He made it clear change had to happen after a season in which Edinburgh failed to match the high standards set in the previous three campaigns under Richard Cockerill. The Scottish Rugby Union agreed, and Cockerill’s reign as head coach was ended last month “by mutual consent”.
Ten years after making his debut, Gilchrist is now preparing for the new season under Mike Blair, the fourth permanent coach he has played under at the club.
Blair, who captained Edinburgh and was a team-mate of Gilchrist’s, has brought “freshness” and “freedom”, according to the lock. The big test for the new boss is whether he can use those qualities to help bring success to the club.
Edinburgh won only five of 16 Guinness Pro14 games last season in finishing second bottom in Conference B, with only the winless Benetton beneath them. It was a far cry from the previous campaign when Cockerill’s side were top dogs, pipping Munster for first place before squandering a home play-off semi-final against Ulster.
The decline was stark, although the absence of the club’s international contingent for most of last season cannot be underestimated. Nevertheless, Gilchrist is adamant that changes were required, a message that was communicated to the club by the players.
“We’re involved in a feedback process at the end of the season,” he explained. “We didn’t know what was going to be done with that - we weren’t involved in any kind of decision-making - but it was clear from the review process that we needed to change a few things having under-performed.
“In professional sport that’s what happens if you’ve had a poor season. There was some feedback that we gave as players that we felt it was important to change. The union had their own review and feedback process and we are where we are now with a new coach.”
Gilchrist, who was co-captain last season, insists the players had no direct say in Cockerill’s removal - “that’s not our job to decide things like that” - but he makes it clear they offered an honest appraisal of what was working and what was not.
“We spoke directly to Cocker as our head coach and we made sure as a player group that we didn’t want to be involved in anything political around suggesting these things,” added Gilchrist who highlighted “the strong foundations” put in place by Cockerill who revitalised the club when he took over and took them into the knockout stages of Europe in each of his four seasons in charge.
“We’ve had success: last year highlighted that we need to evolve, whether that was with Cocker or without Cocker. It’s turned out that it’s without, and we’re in a great position to evolve in certain areas,” said the Scotland international.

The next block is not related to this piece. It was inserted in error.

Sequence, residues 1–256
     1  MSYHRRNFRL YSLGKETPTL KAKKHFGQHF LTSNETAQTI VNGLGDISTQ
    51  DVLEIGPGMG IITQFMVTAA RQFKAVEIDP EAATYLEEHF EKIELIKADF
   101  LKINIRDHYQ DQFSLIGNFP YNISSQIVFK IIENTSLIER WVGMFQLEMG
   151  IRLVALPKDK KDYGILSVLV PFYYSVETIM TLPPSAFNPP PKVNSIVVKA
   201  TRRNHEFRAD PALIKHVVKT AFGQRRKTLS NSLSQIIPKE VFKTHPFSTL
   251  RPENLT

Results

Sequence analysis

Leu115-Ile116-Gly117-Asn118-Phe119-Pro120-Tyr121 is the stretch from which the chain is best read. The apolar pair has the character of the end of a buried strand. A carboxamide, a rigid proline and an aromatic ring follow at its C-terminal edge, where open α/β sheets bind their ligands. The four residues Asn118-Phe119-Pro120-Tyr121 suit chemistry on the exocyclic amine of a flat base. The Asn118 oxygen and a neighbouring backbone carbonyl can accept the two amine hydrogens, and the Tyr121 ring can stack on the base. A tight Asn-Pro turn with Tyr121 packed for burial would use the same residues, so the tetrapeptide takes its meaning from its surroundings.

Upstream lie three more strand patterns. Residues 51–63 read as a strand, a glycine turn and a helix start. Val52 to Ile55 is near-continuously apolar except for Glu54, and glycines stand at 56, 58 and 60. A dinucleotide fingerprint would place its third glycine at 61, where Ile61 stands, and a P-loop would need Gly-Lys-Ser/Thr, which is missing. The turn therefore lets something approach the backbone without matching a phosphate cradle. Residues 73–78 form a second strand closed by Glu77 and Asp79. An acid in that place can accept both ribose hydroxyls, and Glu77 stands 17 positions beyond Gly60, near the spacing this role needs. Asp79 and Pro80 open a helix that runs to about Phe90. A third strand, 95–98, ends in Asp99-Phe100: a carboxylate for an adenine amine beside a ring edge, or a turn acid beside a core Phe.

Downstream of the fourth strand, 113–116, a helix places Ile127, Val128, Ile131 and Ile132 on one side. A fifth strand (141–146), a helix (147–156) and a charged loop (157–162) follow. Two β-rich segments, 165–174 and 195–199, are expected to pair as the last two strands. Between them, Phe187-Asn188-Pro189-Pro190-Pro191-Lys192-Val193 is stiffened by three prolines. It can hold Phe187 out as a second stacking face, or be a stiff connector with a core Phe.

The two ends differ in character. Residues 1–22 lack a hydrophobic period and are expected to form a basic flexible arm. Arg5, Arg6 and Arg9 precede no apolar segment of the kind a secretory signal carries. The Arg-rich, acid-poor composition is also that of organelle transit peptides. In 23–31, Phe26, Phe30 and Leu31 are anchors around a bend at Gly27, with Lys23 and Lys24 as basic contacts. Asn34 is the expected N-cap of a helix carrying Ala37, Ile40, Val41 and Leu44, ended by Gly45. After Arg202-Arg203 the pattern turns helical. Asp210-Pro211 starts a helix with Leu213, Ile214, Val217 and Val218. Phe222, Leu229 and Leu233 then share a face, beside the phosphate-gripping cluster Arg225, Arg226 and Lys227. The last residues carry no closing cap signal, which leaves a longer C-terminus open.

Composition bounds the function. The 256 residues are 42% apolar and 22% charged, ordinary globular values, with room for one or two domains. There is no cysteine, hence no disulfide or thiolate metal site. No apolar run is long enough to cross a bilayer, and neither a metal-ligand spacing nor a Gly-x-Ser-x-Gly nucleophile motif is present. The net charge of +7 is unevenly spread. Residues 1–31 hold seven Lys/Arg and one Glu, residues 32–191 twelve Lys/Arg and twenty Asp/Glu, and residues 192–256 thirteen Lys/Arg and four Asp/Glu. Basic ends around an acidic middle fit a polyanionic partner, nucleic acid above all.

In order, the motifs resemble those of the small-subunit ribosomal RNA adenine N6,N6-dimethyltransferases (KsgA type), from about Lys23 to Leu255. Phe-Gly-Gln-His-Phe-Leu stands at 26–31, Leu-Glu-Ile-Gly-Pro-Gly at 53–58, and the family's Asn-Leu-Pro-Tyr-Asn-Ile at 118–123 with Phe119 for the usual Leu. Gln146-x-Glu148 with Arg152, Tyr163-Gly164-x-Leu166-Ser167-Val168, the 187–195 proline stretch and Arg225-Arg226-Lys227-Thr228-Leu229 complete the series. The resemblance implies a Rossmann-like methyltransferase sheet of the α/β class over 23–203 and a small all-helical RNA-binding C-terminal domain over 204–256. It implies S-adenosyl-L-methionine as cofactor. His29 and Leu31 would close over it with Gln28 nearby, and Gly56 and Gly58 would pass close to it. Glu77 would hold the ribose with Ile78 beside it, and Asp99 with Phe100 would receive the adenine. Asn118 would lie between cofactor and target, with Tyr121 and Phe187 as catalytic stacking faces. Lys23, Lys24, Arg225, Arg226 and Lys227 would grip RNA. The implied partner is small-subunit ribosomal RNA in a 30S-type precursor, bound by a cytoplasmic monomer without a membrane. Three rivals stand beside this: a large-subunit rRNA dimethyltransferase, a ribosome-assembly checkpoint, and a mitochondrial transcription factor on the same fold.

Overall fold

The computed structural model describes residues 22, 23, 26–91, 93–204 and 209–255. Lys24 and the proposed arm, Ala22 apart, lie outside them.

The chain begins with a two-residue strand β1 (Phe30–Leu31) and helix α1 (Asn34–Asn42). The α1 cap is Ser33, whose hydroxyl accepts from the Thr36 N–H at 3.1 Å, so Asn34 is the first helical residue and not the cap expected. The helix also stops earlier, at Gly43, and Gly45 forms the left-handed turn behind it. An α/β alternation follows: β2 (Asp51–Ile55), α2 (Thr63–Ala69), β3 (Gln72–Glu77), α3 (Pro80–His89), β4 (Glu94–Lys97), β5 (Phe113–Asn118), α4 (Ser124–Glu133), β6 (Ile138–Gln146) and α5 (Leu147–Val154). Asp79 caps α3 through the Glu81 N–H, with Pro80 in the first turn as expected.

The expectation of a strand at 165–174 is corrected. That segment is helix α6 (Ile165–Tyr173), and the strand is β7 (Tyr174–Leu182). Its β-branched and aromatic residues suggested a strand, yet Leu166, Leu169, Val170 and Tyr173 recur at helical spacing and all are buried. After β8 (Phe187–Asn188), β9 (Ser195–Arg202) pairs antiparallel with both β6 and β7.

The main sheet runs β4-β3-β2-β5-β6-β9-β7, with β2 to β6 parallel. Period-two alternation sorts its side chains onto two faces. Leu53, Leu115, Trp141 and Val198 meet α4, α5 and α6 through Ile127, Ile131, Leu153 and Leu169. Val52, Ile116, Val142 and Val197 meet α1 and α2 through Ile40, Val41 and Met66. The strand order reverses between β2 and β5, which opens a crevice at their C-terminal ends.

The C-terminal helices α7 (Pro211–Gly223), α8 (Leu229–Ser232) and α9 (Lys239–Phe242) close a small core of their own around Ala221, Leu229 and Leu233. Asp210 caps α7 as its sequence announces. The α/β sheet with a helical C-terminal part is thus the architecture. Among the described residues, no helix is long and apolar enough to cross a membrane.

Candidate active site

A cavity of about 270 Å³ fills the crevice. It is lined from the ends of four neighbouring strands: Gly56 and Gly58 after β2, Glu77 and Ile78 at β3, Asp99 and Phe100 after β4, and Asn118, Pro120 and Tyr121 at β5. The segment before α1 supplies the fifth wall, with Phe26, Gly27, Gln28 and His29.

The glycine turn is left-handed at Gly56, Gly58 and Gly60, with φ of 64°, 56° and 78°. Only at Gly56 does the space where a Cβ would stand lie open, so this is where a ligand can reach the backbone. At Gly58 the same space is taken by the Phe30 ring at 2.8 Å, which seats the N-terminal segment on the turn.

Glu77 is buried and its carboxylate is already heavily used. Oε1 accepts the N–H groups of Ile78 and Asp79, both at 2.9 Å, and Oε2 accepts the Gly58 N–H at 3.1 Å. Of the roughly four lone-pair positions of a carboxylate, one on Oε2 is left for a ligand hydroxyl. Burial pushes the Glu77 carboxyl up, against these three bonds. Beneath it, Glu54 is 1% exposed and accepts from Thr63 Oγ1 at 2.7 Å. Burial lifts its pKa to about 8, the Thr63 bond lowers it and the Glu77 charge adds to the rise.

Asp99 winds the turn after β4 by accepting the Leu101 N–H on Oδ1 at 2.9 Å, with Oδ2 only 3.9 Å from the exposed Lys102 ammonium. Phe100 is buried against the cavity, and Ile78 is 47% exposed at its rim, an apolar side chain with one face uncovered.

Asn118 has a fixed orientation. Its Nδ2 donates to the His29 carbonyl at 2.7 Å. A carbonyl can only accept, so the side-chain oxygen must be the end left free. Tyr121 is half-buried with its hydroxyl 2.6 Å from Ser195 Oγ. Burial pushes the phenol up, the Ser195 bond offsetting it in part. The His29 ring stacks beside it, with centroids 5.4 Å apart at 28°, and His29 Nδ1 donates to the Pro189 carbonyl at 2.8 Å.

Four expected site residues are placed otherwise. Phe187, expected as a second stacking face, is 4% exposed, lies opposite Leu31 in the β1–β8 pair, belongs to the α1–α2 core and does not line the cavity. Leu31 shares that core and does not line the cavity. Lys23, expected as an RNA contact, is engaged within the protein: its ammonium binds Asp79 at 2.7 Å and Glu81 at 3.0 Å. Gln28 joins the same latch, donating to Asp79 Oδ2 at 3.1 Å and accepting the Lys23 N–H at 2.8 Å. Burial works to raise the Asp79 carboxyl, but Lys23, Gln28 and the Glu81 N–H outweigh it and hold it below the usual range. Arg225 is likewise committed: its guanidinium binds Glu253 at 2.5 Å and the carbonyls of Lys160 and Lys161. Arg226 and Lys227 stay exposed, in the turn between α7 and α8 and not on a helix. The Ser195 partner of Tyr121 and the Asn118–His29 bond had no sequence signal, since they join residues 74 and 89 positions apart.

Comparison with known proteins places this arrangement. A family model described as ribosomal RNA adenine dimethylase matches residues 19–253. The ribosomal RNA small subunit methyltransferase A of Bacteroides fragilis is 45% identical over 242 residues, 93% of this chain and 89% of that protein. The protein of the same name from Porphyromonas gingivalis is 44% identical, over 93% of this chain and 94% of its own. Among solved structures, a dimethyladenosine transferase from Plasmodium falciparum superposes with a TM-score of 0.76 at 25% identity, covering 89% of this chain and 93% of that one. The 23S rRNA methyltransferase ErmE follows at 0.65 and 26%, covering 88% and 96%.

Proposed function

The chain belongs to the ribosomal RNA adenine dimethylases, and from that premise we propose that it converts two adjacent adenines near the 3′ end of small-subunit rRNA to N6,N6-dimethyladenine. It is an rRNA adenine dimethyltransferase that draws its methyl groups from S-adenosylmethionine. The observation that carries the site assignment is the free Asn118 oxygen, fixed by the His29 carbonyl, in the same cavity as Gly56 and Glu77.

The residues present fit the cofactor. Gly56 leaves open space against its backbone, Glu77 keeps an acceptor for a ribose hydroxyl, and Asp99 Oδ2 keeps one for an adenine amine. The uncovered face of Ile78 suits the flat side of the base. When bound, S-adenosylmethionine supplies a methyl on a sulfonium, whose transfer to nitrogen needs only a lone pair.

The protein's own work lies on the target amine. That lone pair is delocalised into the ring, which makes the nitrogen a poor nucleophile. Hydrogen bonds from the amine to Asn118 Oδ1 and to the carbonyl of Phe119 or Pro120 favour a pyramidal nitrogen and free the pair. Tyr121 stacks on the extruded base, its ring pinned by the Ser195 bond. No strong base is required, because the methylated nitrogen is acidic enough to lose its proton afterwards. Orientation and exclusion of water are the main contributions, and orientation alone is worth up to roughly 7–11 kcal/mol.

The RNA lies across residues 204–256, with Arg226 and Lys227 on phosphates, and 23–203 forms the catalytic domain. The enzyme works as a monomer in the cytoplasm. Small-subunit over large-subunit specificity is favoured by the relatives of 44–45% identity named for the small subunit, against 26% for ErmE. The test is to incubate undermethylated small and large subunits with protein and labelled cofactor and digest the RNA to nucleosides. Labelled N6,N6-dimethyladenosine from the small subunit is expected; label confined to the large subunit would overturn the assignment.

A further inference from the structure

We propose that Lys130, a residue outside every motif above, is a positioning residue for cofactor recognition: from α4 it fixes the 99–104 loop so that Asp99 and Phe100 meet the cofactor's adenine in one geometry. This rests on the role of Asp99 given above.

Gilchrist says the players wanted more freedom to take responsibility on the pitch but that it wasn’t always forthcoming. The lock said he had to push the coach to allow him to have more influence on lineout drills and that it was harder for the less forceful players to have their say.
“We would push for more and more responsibility as players, which wasn’t always given,” said Gilchrist. “It was his style and it had merits, it had success. But it had to evolve, and when it didn’t, that’s where inevitably there became a change.
“As such a strong leader, he led on every area. In my area of the game, the lineout, I would keep pushing, but that’s not in everyone’s nature. So some people took a back seat and let Cockers lead on everything. As players you’ve got to be really involved in your area and in the whole game plan, and that’s maybe what was missing.”
Blair was appointed Edinburgh’s new coach four days after Cockerill’s departure and it is clear his less autocratic approach has been welcomed by the players.
“After four years of one style it feels fresh and feels new, and that can be exciting,” said Gilchrist. “I think that has rejuvenated the playing group, especially some guys who were maybe feeling worse than others.
“I think overall we’re in a good place now and I want to talk about the future of Edinburgh. Cocker has done a good job in setting us up. We weren’t able to evolve the culture and the game plan to a place where we could kick on, and I think that’s where Mike has come in, and we’re really excited by a former player, someone who’s got a respect for the work that’s been done and understands the value in what’s been done over the last four years - but also the things that have to be better.
“And that’s not any slight on Cockers, that’s just the fact that there’s a lot of things we need to do better having had a poor season. That balance of keeping those fundamentals but also bringing in a freedom, bringing in a confidence, especially to the way we attack, is really exciting the boys. They’re lapping it up.
“The way we’ve trained over the last four or five weeks, that balance between the discipline that has been ingrained in us and that new freedom in certain areas is certainly something that’s really exciting and you can feel the buzz around the place.”
Gilchrist, who made his debut under Michael Bradley in 2011, then played under Alan Solomons before Cockerill took the reins at Edinburgh in 2017. There were also stints under caretakers Stevie Scott and Duncan Hodge.
“I hope this is the last time I go through a change in coach because it’s not nice, it’s not something anyone sets out to see but it’s professional sport,” said Gilchrist. “It happens to players, it happens to coaches, and the most important thing is the club continues and the club gets better.”